Gibbs, Jeffrey A. Matthew 1:1-11:1. St. Louis: Concordia Publishing House, 2006.
“Matthew’s Intention:Themes” pp. 47-59
Gibbs finds three summary statements in Matthew’s Gospel, at 4:23, 9:35, and 11:1, which all describe the work of Jesus as teaching and healing (Gibbs 2006, 47). The content of Jesus’ teaching is further identified as centered around the reign of God or the reign of heaven. While specific identification of the meaning of the kingdom is a challenge, it seems clear to Gibbs that this is the central idea. Matthew identifies the news of the kingdom as “good news” (4:23, 9:35, 24:10) (Gibbs 2006, 48). Gibbs observes that the term “of heaven” or “of God” is best identified as an objective genitive, thus suggesting that it is God or his kingdom performing the acts of the reign (Gibbs 2006, 49). This reign is manifested in the life and work of Jesus, though his disciples participate in it according to Jesus’ command.
Gibbs notes also that in Jesus’ parables of the kingdom, each one describes activity such as Jesus the king does in his reign (Gibbs 2006, 49). The activity of the kingdom further suggests to Gibbs that God is moving to establish his reign. “If God the King must come to reestablish his rule in creation, that pimples that the creation is still fighting against its Creator, even though in an ultimate sense God has remained King of kings and Lord of lords (Gibbs 2006, 50). The work of the kingdom is to restore creation to wholeness. The reign of God is also necessarily eschatological as well. As God restores the world to a right relationship with himself he will usher in the end of the fallen world as we know it.
Matthew’s Gospel, then, looks forward to a fulfillment of the Christian’s eschatological hope in Jesus, who will finish his work of fulfilling the Old Testament prophecies (Gibbs 2006, 52). Gibbs sees that Matthew wants his readers to find Jesus as the goal of God’s work with Israel (Gibbs 2006, 52). Jesus is the specific fulfiller of prophecy (Gibbs 2006, 53). He particularly fulfills predictive prophecies (Gibbs 2006, 53). He also shows himself as the one who interprets Scripture rightly (Gibbs 2006, 54). Because of this role of Jesus, we see that the message of all Scripture is cohesive. It all points to Jesus and his work, not to the kingdom of Israel.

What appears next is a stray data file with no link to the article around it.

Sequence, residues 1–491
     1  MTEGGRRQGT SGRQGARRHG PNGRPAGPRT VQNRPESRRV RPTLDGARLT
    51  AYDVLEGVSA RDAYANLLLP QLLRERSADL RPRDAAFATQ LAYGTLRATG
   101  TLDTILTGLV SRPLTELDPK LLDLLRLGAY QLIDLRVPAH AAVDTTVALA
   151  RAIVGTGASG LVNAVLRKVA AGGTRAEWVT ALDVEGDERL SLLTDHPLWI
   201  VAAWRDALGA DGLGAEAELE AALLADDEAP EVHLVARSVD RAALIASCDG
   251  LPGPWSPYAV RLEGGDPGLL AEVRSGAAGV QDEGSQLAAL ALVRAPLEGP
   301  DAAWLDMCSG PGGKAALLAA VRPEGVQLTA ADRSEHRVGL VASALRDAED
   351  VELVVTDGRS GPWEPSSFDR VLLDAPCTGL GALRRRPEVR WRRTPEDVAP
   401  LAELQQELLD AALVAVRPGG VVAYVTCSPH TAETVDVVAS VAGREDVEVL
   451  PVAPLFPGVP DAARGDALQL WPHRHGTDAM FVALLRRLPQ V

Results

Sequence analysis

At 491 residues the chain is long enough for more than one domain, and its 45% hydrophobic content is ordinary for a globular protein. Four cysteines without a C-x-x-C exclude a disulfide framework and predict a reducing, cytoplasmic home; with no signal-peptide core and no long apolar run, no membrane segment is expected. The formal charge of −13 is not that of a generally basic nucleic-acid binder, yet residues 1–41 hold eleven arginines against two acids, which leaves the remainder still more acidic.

Throughout Matthew’s Gospel the mission articulated by Jesus is clear: saving the lost and placing them into fellowship with God is the paramount work of Christ (Gibbs 2006, 55). Gibbs observes that this mission is for both Jews and Gentiles, who appear again and again in Matthew (Gibbs 2006, 56). In his work of mission, Jesus draws people to himself, extends calls to all sorts of people, and shows compassion through the disciples he sends out. They are carefully instructed and bring his message to others, sometimes successfully but sometimes not (Gibbs 2006, 57). Though Jesus calls all humans, only those who respond in faith are called his disciples or his brothers. Gibbs does not make an argument for a “brotherhood of all humans” point of view (Gibbs 2006, 58).